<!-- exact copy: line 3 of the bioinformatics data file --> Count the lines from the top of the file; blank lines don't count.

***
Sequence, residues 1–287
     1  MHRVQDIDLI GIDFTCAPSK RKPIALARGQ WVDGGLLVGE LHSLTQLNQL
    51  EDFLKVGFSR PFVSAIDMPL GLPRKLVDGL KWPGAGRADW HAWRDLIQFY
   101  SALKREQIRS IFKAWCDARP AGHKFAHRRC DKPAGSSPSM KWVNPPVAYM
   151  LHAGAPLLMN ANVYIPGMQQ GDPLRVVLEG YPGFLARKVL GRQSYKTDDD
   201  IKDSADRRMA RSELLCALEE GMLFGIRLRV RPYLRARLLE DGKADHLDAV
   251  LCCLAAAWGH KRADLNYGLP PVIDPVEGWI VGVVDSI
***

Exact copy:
    51  EDFLKVGFSR PFVSAIDMPL GLPRKLVDGL KWPGAGRADW HAWRDLIQFY